The State of Coal Ash Regulation and Implications for the Commonwealth
Two recent developments, the finalization of Part B of the coal combustion residuals, or CCR, rule and the finalization of the 2020 Steam Electric Reconsideration Rule have triggered conversation about, and litigation over, the path forward for long-term management of CCR in the United States.
The two federal rules raise questions about which coal-fired power plants and coal ash basins are required to close, the timeline for closure or compliance and, for operational plants, what sort of coal ash slurry treatment is required in order to effectuate compliance.
In Pennsylvania, the Department of Environmental Protection (DEP) may face challenges from facilities requesting the relaxation of permit conditions to reflect the latest rules. Throughout the industry, pending litigation and tight deadlines may expose the electric generating industry to increased uncertainty and, potentially, expenditures in order to deal with CCR.
2020 Steam Electric Reconsideration Rule
On Aug. 31, 2020, the U.S. Environmental Protection Agency (EPA) finalized a rule revising the regulations for the Steam Electric Power Generating category, previously regulated under the 2015 Effluent Limitations Guidelines (ELG rule), 40 CFR Part 423. The ELG rule revises requirements for two specific waste streams produced by steam electric power plants: flue gas desulfurization (FGD) wastewater and bottom ash (BA) transport water.
Published in the Federal Register on Oct. 13, the ELG rule exempts coal plants that run at lower capacity or are in their final years of service from having to comply with stricter standards adopted by EPA in 2015.
In addition, it allows plants to use cheaper technology to clean wastewater from smokestack scrubbers that remove air pollutants and allows some treated coal ash slurry to be released into rivers and streams. For most facilities, it also extends the deadline for compliance to 2025.
More Dangerous Than Smoking a Pack of Cigarettes a Day
In August 2007, EPA published a draft risk assessment that found extremely high risks to human health and the environment from the disposal of coal ash in waste ponds and landfills.FN4
The chart below compares EPA’s findings on the cancer risk from arsenic in coal ash disposed in waste ponds to several other cancer risks, along with the highest level of cancer risk that EPA finds acceptable under current regulatory goals.FN5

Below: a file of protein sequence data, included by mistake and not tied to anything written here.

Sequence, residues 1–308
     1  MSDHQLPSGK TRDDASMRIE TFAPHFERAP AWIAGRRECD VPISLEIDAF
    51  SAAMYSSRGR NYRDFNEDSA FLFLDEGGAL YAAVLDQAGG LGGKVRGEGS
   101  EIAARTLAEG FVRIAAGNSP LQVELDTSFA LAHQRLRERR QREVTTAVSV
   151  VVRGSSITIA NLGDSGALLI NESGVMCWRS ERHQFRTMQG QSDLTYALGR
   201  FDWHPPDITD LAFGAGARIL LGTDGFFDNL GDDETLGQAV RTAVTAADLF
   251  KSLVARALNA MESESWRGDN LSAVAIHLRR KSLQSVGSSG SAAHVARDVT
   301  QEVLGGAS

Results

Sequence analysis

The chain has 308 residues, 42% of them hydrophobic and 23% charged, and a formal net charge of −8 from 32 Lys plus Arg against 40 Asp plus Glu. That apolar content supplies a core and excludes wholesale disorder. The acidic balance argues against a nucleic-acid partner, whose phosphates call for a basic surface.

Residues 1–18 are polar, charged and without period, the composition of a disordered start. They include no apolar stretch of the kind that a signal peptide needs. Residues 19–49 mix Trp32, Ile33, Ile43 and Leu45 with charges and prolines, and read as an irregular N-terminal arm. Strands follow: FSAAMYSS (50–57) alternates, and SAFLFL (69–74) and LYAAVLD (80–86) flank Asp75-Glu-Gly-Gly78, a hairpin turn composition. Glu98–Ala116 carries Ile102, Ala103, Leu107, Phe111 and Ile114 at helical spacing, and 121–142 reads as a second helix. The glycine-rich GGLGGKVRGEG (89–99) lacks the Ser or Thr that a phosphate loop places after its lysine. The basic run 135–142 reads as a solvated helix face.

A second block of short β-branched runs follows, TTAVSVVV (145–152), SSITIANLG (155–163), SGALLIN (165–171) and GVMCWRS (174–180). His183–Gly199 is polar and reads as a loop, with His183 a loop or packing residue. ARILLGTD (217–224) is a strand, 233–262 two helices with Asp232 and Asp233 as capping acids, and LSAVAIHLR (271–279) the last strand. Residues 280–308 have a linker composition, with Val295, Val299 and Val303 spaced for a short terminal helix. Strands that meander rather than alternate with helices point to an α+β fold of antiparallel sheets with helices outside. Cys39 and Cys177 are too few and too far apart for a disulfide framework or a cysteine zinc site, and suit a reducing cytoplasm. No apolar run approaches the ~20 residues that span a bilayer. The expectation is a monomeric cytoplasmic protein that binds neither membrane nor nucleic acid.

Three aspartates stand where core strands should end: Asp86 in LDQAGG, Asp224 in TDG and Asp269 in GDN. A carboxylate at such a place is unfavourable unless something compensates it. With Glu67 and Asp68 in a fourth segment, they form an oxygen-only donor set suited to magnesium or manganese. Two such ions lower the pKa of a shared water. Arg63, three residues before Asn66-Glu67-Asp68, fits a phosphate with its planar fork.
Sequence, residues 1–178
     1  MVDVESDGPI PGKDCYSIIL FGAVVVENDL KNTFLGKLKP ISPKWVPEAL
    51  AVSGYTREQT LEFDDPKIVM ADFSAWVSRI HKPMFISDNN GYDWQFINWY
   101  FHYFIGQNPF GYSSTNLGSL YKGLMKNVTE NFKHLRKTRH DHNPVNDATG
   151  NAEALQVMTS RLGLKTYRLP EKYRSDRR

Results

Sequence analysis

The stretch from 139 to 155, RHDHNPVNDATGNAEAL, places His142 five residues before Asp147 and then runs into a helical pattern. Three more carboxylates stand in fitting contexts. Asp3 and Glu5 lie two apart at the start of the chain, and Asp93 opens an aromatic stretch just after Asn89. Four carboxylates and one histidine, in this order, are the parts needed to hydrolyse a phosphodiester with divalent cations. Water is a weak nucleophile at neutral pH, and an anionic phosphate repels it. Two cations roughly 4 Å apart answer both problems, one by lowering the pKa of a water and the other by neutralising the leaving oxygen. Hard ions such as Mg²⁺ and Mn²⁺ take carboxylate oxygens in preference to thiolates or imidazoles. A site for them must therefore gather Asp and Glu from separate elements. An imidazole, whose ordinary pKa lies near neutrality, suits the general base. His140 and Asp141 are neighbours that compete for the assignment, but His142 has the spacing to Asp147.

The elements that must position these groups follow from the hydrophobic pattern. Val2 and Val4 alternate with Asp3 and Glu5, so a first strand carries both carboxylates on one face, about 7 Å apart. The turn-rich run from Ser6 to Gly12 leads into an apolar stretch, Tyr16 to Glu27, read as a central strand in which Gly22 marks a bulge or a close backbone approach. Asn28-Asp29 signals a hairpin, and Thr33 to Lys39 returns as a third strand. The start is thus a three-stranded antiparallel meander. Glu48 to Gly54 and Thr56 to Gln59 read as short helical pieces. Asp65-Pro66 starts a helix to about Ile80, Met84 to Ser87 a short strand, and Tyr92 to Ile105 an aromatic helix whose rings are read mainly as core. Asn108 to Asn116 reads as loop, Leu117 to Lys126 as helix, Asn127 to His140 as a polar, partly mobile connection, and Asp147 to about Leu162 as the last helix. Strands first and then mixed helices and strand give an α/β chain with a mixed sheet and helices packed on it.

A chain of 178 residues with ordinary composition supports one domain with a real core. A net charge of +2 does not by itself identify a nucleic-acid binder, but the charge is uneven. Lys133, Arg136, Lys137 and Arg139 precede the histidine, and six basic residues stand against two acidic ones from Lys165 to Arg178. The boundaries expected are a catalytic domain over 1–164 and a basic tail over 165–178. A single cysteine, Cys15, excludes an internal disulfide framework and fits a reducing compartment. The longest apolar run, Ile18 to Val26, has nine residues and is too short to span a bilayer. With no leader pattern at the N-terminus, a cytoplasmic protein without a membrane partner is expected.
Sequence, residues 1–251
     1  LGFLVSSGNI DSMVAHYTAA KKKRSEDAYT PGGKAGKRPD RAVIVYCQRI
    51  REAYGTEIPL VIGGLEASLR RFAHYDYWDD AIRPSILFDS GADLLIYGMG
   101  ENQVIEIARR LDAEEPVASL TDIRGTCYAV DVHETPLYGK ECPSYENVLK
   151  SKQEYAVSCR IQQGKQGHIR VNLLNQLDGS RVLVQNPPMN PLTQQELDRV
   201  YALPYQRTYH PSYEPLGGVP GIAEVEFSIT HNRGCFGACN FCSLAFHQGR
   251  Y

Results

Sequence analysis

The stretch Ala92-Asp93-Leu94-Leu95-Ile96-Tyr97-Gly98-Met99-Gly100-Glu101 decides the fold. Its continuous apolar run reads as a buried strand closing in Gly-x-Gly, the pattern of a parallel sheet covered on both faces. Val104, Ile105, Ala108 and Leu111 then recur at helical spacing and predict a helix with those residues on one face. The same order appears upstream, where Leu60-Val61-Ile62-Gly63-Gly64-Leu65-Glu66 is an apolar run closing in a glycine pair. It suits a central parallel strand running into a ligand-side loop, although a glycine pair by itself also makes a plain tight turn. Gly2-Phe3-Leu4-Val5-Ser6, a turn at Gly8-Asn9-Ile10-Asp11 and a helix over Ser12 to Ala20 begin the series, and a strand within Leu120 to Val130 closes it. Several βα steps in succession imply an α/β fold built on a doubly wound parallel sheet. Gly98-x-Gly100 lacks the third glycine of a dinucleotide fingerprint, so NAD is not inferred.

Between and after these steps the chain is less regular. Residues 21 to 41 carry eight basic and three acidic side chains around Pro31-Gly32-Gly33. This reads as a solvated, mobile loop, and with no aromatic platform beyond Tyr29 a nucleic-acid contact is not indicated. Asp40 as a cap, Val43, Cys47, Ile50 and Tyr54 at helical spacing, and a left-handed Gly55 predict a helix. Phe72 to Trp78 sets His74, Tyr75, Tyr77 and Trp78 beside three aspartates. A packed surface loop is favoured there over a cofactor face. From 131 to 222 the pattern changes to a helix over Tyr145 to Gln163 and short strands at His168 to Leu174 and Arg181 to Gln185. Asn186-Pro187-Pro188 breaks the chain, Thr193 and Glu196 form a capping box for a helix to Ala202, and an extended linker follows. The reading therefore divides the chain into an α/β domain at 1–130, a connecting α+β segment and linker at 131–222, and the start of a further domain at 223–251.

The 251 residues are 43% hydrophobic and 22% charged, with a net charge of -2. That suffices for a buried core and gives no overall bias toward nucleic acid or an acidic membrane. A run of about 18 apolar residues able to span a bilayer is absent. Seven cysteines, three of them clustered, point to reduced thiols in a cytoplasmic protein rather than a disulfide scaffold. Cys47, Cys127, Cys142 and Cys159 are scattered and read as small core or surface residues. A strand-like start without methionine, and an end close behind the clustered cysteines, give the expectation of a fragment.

While the risk estimates shown below are extremely high, EPA officials admitted that they underestimated risk by at least 50% in some cases.FN6
Years of delay
In 1980, Congress ordered EPA to study coal combustion waste and to make a regulatory determination by no later than 1983.FN7
On April 24, 2000, EPA finally completed that regulatory determination and found that coal combustion wastes could pose risks to human health and the environment if not properly managed and national regulations under subtitle D of RCRA are warranted for coal combustion wastes when they are disposed in landfills or surface impoundments.FN8
Despite that finding and subsequent studies revealing high levels of toxins and carcinogens in coal ash, EPA has failed to enact any rules.
The Road to Federal Regulation of Coal Ash
EPA has the authority to phase out these surface impoundment wet dumps the most dangerous ash disposal method and put in place common-sense regulations that protect human health and the environment by governing the disposal and recycling of dry coal ash.
In 2010 EPA proposed to regulate for the first time coal ash to address the risks from the disposal of the wastes generated by electric utilities and independent power producers. EPA is considering two possible options for the management of coal ash for public comment. Both options fall under the Resource Conservation and Recovery Act (RCRA). You can take a look at the proposed rule by clicking here.
CCR Rule Part B
On Oct. 15, 2020, the EPA finalized its revisions to Part B of the CCR rule. The CCR rule was created under the Obama administration in response to major coal ash spills in multiple states. Under the Trump administration, the EPA took a number of steps to relax the 2015 CCR rule.